Another Chinese manufacturer that seemed unperturbed by the repercussions of sanctions was Haier, which told the same newspaper that it “always adheres to the principle of honesty and complies with local laws and regulations wherever it operates”.
As of last Friday, however, Haier’s operational scope was expanding further into Whirlpool’s home territory. On January 15 it signed a deal to purchase the home appliances division of General Electric for $5.4 billion – the third most expensive acquisition of an American firm by a Chinese company to date, and the seventh overseas purchase in Haier’s portfolio. Haier is buying a long-established business that makes refrigerators, freezers, clothes washers and dryers.
Despite being one of the smaller divisions in the GE conglomerate, the unit is the second largest in appliance sales in the US, taking 10% of the market. First place belongs to (guess who) Whirlpool.
Much like Whirlpool, GE has championed domestic production: 80% of its appliances are made in the US and 88% of its sales are made in North America. For Haier, which currently reports 1% of its sales in the US, that looks like an opportunity. It has been trying to get into the American market for more than a decade. In 2000 it opened a factory in South Carolina and in 2008 it placed an unsuccessful bid for the same division that it is now buying.
In its purchase Haier trumped local rival Midea, which also submitted a bid. Guangdong-based Midea vies with Haier for leadership in home appliances in the Chinese market (Euromonitor says Midea has 17% of total sales compared with Haier’s 8%). But the acquisition of GE’s unit will help Haier to grow internationally with a brand name more recognised than its own.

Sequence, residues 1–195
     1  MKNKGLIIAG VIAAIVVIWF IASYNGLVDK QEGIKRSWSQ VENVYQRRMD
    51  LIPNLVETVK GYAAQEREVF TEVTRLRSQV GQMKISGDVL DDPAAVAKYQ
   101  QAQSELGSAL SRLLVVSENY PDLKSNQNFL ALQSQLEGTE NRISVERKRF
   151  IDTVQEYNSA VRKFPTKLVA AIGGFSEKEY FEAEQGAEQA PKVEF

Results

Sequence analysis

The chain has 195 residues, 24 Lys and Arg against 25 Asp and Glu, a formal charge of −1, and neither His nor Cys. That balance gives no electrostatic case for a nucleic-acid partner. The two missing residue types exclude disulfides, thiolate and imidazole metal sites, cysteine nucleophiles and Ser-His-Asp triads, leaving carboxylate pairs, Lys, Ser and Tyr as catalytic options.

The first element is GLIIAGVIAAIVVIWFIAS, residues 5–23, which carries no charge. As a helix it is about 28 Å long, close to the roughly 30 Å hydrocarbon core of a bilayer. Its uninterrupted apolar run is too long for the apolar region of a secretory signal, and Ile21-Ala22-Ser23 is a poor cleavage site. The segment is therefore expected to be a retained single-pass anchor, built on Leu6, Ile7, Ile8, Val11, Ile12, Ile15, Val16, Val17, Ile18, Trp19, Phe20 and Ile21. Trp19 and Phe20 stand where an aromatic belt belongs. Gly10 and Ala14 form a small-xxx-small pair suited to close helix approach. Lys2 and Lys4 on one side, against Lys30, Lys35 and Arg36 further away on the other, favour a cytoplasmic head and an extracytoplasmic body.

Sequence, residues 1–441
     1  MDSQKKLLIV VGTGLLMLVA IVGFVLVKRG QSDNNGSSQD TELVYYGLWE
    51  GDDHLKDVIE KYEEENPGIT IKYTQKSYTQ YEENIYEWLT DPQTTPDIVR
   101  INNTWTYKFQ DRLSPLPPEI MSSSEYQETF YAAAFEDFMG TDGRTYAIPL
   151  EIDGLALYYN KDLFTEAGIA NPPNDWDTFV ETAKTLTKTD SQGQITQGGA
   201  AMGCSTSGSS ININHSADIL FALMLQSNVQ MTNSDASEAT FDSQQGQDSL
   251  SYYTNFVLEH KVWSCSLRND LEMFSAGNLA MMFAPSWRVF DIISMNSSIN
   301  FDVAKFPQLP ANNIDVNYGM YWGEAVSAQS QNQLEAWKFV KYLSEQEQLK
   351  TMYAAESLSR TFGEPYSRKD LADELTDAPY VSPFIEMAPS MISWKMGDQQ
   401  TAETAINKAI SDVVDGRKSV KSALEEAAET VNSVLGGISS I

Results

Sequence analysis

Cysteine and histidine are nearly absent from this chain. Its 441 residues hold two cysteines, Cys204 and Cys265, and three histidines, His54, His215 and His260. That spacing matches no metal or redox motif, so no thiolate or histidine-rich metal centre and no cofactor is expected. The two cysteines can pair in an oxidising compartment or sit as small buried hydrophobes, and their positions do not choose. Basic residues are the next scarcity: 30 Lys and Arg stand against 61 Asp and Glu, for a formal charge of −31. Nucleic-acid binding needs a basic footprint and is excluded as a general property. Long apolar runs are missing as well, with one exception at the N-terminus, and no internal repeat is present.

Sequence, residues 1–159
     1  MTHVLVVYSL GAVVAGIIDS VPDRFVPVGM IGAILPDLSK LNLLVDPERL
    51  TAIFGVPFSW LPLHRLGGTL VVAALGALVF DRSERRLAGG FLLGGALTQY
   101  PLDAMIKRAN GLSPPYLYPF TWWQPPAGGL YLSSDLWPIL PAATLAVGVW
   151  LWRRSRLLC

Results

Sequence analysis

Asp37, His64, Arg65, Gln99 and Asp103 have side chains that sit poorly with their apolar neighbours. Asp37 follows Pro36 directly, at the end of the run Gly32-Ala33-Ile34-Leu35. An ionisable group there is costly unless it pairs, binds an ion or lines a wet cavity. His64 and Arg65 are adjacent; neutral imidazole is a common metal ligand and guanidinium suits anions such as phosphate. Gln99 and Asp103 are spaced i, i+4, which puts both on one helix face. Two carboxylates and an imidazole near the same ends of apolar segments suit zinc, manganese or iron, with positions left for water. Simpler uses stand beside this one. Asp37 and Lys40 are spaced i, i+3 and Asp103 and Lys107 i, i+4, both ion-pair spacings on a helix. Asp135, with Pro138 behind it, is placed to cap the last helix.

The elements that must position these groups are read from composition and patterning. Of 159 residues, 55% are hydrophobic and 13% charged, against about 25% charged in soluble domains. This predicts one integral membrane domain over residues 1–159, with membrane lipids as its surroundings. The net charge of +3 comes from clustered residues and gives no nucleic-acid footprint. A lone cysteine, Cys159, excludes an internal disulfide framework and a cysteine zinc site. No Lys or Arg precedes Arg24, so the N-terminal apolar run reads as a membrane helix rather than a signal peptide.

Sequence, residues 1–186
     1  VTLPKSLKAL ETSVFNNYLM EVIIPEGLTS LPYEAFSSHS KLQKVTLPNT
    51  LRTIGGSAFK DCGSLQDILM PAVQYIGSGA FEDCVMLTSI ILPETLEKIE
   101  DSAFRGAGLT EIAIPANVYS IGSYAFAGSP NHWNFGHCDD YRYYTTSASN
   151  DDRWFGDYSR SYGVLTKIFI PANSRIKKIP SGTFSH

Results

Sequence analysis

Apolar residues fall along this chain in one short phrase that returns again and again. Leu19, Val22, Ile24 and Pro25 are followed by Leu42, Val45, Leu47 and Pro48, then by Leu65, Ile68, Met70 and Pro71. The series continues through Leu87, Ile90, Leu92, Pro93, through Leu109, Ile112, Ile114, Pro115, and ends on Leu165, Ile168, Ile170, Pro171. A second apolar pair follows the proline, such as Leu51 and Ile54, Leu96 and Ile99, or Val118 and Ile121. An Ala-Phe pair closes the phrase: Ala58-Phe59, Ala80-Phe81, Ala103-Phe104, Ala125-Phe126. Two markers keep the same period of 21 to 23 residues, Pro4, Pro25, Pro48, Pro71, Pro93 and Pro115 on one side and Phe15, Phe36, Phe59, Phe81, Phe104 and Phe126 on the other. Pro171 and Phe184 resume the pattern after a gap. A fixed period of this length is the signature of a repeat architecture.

The Haier-GE deal is one of a number of global takeovers by Chinese firms so far this year, alongside the $3.5 billion acquisition of Legendary Entertainment by Dalian Wanda (see more this week) and the $1 billion bid for KlaussMaffei by ChemChina (the largest purchase yet of a German company by a Chinese one).
The GE transaction follows a busy 2015 when Chinese FDI in the US reached a record $15.7 billion, up 30% from 2014, according to Rhodium Group. The composition of last year’s investment was considerably more diverse than before, Rhodium notes, including real estate (Anbang’s acquisition of 717 Fifth Avenue), financial services (Fosun’s takeover of Ironshore Insurance), ICT (the acquisition of Integrated Silicon Solutions by a Chinese consortium) and health and biotech (Hepalink taking control of Cytovance Biologics).
Another trend: around two thirds of total investment went into services, up from just 14% in 2009.
“The main reason for the Chinese firms’ buying spree is to get the brands, technologies and talent they lack, to capitalise on future waves of growth at home,” the Economist reported last week.
Haier will certainly want to capitalise on American consumer confidence in the GE Appliances brand, which it has licenced for a 40-year period as part of the deal. It will also be interested in selling more of its own products through GE’s distribution channels.
But in Haier’s case the technology and talent part of the equation may be less significant than for some of the other acquisitions. It’s already developing a series of ‘smart appliances’ through its U+ Smart Life platform and it looks more likely to introduce that technology in the US, rather than bringing American know-how back to China.
Of course, if more of Haier’s products were manufactured in America, that would be helpful. Cases like Whirlpool’s claim against the Chinese-made washing machines would be more difficult to uphold, too.